Can't meet the entry requirements?

If it’s some time since you have studied mathematics at school you can find out if you have the required background by taking this maths quiz.

Haven’t studied the right subjects at high school?

The following pathways will get you prepared to study this qualification:

If you have not studied NCEA Level 3 Biology (or equivalent) take the following course first:

If you have not studied NCEA Level 3 Chemistry (or equivalent) take the following course first:

  • 123103 Chemistry for Modern Sciences.

These courses are available in summer school and can be taken as a Certificate in Science and Technology or Certificate of Proficiency.  One 100-level course can be counted as an elective towards the Bachelor of Animal Science.

Official regulations

To understand what you need to study and must complete to graduate read the official rules and regulations for this qualification.

You should read these together with all other relevant Statutes and Regulations of the University including the General Regulations for Undergraduate Degrees, Undergraduate Diplomas, Undergraduate Certificates, Graduate Diplomas and Graduate Certificates.

Returning students

For returning students, there may be changes to the majors and minors available and the courses you need to take. Go to the section called ‘Transitional Provisions’ in the Regulations to find out more.

In some cases the qualification or specialisation you enrolled in may no longer be taking new enrolments, so may not appear on these web pages. To find information on the regulations for these qualifications go to the Massey University Calendar.

Please contact us through the Get advice button on this page if you have any questions.

Structure of the Bachelor of Animal Science

If you study full-time, in your first year, you’ll take eight 15-credit courses, making a total of 120 credits.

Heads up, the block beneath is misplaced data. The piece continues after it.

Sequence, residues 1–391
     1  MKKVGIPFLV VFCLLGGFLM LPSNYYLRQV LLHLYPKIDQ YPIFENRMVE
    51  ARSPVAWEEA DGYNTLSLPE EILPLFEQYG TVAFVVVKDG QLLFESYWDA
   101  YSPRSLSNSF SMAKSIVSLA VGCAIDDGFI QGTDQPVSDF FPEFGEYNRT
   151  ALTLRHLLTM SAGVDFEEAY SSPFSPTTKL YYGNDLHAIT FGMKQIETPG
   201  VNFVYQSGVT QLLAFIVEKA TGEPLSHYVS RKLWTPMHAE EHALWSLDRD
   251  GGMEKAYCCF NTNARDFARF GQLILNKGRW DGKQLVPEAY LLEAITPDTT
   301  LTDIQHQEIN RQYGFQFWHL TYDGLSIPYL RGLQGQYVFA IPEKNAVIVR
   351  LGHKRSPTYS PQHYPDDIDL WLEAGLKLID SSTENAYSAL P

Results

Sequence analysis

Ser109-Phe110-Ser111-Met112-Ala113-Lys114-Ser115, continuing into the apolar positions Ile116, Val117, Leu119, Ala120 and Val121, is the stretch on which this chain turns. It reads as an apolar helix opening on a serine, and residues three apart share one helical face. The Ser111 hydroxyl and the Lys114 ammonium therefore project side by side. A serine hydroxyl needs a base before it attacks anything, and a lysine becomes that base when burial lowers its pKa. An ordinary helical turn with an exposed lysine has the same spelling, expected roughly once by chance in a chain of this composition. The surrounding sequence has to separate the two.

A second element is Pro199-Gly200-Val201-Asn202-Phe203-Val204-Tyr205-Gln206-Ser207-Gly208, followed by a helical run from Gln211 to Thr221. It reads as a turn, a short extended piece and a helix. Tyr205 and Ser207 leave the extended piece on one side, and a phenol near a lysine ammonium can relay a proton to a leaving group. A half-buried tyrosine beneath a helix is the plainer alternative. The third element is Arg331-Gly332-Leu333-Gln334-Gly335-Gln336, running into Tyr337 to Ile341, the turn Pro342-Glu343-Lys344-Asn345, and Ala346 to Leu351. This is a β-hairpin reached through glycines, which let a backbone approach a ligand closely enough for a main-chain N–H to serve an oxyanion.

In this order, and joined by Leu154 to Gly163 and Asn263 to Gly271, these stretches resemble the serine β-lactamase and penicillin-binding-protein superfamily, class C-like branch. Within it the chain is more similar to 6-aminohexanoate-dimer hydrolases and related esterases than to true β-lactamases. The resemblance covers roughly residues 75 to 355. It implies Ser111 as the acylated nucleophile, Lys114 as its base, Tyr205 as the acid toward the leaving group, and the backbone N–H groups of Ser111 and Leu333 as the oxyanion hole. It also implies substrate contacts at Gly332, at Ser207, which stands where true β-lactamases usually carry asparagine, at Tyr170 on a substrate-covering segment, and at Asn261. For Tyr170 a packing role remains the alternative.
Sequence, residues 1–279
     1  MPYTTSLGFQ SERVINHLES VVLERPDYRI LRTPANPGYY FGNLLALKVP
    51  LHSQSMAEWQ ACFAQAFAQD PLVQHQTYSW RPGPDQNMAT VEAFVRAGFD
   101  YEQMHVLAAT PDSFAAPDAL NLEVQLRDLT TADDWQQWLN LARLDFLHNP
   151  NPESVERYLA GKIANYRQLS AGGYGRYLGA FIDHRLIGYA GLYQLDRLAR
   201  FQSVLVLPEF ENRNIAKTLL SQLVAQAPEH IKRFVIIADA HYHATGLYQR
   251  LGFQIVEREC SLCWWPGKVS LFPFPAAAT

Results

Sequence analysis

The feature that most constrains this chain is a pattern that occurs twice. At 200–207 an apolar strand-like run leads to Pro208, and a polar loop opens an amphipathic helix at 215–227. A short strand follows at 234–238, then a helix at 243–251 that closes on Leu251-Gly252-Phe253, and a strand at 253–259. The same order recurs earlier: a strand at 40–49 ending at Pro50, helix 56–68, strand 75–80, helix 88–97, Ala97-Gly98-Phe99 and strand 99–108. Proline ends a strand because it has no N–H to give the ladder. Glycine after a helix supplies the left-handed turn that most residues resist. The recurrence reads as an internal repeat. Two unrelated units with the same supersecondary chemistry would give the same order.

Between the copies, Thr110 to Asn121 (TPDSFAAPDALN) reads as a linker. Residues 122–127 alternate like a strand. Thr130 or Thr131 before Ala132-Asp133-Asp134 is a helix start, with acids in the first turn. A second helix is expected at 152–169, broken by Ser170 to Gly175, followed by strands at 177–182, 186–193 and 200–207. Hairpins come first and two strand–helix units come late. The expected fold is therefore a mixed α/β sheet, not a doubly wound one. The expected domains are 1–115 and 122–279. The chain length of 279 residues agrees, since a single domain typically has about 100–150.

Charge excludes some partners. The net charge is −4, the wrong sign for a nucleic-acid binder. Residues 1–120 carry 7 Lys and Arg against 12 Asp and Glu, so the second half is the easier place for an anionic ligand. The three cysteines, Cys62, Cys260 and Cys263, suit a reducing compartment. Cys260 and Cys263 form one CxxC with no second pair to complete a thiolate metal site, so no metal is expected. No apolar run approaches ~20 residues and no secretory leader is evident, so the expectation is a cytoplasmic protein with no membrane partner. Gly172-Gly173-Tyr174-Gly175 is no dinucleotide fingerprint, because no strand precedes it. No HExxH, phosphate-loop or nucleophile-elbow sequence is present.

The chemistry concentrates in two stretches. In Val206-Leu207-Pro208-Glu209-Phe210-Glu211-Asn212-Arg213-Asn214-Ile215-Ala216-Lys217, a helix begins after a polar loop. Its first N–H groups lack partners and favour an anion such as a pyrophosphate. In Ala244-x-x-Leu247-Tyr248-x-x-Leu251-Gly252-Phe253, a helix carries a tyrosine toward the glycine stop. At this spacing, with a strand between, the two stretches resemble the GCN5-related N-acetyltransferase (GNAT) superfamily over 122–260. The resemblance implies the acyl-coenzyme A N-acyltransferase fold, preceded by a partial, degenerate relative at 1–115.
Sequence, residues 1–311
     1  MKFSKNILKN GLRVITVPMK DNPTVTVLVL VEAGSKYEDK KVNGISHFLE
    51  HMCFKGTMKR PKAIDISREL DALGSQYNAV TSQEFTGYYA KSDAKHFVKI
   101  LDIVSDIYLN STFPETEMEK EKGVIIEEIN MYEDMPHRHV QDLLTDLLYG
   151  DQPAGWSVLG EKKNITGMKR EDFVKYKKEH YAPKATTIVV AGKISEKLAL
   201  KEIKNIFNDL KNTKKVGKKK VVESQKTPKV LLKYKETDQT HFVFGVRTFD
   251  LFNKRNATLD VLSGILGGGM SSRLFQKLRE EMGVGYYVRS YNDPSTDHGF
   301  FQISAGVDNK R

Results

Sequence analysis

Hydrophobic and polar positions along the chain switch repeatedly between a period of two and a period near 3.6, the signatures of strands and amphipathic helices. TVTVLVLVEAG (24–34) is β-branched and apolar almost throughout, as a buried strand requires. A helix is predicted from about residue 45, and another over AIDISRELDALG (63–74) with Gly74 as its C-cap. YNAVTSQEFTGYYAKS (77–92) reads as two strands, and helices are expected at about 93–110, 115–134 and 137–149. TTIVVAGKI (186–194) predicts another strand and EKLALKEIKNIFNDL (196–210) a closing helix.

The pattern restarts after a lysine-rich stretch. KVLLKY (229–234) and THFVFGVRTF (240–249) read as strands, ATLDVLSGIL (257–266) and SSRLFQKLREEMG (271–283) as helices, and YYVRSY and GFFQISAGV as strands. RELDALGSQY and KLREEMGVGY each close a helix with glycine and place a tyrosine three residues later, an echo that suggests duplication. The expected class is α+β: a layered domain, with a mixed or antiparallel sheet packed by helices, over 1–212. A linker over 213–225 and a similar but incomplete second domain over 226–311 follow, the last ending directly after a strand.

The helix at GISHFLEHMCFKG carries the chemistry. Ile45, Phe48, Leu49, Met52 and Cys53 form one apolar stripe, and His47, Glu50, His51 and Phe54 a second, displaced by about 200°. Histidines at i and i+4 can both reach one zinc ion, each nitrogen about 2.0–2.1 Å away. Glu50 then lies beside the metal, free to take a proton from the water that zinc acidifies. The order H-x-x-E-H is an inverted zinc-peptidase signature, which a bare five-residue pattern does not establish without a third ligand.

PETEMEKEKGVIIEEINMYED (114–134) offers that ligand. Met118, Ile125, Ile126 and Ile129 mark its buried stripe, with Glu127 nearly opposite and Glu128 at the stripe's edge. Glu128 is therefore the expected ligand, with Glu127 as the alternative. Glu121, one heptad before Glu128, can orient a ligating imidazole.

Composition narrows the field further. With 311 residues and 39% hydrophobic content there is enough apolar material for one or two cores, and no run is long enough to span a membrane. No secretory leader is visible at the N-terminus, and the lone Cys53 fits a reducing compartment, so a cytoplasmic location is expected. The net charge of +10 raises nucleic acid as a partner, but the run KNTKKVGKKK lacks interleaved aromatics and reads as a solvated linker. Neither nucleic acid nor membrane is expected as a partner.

If you wish to study over two semesters, you should aim for 60 credits per semester. You may be able to take some courses at summer school. Make sure you include courses that are prerequisites for the next level of courses you wish to study.

Please note that if you start the BAnSci (Animal Genetics & Breeding) or BAnSci (Animal Nutrition & Growth) in semester two without the appropriate level of preparation in Biology and Chemistry, it will extend your time to completion from 3 years to 3.5 years.

Typical pattern for the Bachelor of Animal Science

Core courses These courses are a compulsory part of your qualification.

Major courses Choose from a selection of courses appropriate for your specialisation.

Elective courses Follow your interests. Your qualification may have selection guidelines for elective courses.

Year one
117107 Introduction to Animal Behaviour & Welfare
117155 Introduction to Animal Science
122102 Biochemistry
123104 Chemistry for Biological Systems
124103 Biophysical Principles
162101 Cell Biology
199103 Animals & the Environments
247111 Science & Sustainability for Agriculture & Horticulture
Year two
161140 Agri-Statistics
117201 Livestock Production Science
117202 Animal Science
200-level major
200-level major
200-level major
200-level major
Elective
Year three
117371 Animal Production
117381 Solving Problems in Animal Production OR
235312 Case Studies in Māori Agribusiness
300-level major
300-level major
300-level major
300-level major
Elective
Elective

Courses are each worth 15 credits

Courses and specialisations

Key terms

Courses
Each qualification has its own specific set of courses. Some universities call these papers. You enrol in courses after you get accepted into Massey.
Course code
Each course is numbered using 6 digits. The fourth number shows the level of the course. For example, in course 219206, the fourth number is a 2, so it is a 200-level course (usually studied in the second year of full-time study).